IRS Whistleblower Program Continues Improvements

This was a banner year for the IRS Whistleblower Program. In its annual report to Congress, released February 10, 2016, the IRS said it paid 99 awards totaling more than $103 million.

Stephen M. Kohn, Executive Director of the National Whistleblower Center, stated, “the program is staring to work.” According to Kohn, the IRS Program, at its 10-year mark, is performing at higher level then the Department of Justice’s False Claims Act program did over a comparable length of time.

“Despite all of the growing pains and delays the IRS program is actually ahead of the comparable program run by the Department of Justice for the False Claims Act cases. The most objective performance indicator for whistleblower reward programs is how much is actually paid to whistleblowers. The IRS is way ahead as the DOJ. It its 10-year mark the IRS paid whistleblowers $103 million. At the FCA’s ten-year mark, DOJ paid whistleblowers a mere $25.8 million. Furthermore, despite DOJ’s 30-year history administering the FCA, the IRS has already given an individual whistleblower the highest award in history,” Kohn added.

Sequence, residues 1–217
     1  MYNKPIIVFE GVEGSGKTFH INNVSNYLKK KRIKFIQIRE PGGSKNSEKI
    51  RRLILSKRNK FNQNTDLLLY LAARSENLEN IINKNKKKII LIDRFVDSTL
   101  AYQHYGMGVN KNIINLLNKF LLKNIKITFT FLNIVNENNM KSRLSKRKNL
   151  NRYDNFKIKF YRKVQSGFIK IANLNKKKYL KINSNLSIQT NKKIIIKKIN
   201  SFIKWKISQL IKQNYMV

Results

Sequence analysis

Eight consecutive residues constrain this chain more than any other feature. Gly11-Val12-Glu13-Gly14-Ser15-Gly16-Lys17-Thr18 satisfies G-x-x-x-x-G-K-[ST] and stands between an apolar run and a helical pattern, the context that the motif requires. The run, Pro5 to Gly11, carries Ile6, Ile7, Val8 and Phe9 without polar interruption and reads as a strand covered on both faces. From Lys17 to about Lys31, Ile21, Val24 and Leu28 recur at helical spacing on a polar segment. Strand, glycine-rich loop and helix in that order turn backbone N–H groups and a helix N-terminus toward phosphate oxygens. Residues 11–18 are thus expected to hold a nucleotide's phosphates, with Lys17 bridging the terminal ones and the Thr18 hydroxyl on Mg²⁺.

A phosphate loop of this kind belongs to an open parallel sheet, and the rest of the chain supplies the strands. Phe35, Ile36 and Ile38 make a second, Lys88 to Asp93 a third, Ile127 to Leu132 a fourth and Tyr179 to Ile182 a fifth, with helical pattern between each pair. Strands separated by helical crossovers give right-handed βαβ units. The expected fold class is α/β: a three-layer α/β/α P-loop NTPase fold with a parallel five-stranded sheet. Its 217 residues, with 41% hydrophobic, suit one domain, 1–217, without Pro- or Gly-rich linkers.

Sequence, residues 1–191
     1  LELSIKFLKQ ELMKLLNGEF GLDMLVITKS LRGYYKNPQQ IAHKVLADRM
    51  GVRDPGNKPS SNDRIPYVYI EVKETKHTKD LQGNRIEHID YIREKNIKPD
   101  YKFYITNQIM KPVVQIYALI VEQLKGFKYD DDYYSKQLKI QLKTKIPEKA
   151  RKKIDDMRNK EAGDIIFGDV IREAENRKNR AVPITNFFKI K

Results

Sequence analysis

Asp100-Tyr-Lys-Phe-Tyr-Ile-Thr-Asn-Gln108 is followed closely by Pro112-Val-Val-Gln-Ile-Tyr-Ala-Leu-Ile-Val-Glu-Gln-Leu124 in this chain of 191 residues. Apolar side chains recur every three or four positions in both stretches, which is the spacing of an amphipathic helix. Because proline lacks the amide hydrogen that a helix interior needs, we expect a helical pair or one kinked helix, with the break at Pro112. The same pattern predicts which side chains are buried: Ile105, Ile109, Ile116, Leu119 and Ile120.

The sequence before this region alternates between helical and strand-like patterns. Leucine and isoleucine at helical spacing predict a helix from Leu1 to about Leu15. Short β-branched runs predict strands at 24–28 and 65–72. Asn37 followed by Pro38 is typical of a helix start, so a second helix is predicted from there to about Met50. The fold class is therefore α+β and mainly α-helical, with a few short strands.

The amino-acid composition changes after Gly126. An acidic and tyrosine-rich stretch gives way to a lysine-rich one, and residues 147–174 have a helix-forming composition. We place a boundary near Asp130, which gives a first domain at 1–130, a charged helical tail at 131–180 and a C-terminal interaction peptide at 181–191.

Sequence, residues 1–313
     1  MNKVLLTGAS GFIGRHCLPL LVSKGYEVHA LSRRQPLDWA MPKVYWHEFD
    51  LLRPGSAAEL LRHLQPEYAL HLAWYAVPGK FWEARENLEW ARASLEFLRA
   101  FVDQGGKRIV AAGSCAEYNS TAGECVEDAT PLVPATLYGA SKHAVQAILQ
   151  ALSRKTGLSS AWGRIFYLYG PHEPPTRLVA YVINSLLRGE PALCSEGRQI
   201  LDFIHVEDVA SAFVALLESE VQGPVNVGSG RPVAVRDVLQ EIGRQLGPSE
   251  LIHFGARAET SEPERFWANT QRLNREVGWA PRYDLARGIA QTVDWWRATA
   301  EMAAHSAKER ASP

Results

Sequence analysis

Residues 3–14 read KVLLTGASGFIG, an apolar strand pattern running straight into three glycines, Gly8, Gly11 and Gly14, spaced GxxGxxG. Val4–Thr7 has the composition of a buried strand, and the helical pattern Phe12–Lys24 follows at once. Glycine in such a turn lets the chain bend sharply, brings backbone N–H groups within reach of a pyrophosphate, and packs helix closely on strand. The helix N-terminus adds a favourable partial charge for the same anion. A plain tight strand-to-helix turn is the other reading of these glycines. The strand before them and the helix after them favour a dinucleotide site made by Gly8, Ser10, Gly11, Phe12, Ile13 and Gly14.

The report also states that the IRS is implementing several improvements to further strengthen the Whistleblower Program. These improvements include: pursuing opportunities to reduce the lifecycle of whistleblower claims; review of the Whistleblower Office to identify opportunities to maximize the efficiency and effectiveness of the claim process; and to improve communication with whistleblowers, potential whistleblowers and whistleblower attorneys.

“This report shows that the IRS Whistleblower Office is focused on doing a better job of processing whistleblower submissions and making awards in a more timely manner – all good news for whistleblowers,” said Dean A. Zerbe, Senior Policy Analyst for the National Whistleblower Center and an attorney with Zerbe, Fingeret, Frank & Jadav.

After his review of the IRS report, Zerbe concluded, “It is clear from the new report and from what we’ve seen through our extensive work with the IRS whistleblower office that whistleblowers who have the best chance of having their claim considered are those submissions that meet 5 criteria: 1) the claim involves significant tax dollars; 2) the tax issue involves open tax years/current issues – within last 6 years; 3) the whistleblower is naming specific taxpayers; 4) the whistleblower has detailed information/documents about the tax issue; and, 5) the whistleblower is credible and knowledgeable. Bonus points if the taxpayer is doing something particularly egregious and/or it is an issue that the IRS has never seen of before. The IRS isn’t expecting a whistleblower to have perfect information (although that would be nice) but the more meat on the bone the better.”

Stephen Kohn and Dean Zerbe represent jointly a number of whistleblowers – including Bradley Birkenfeld, the UBS whistleblower who received an award of $104 million dollars from the IRS – the largest amount ever paid to a single whistleblower.

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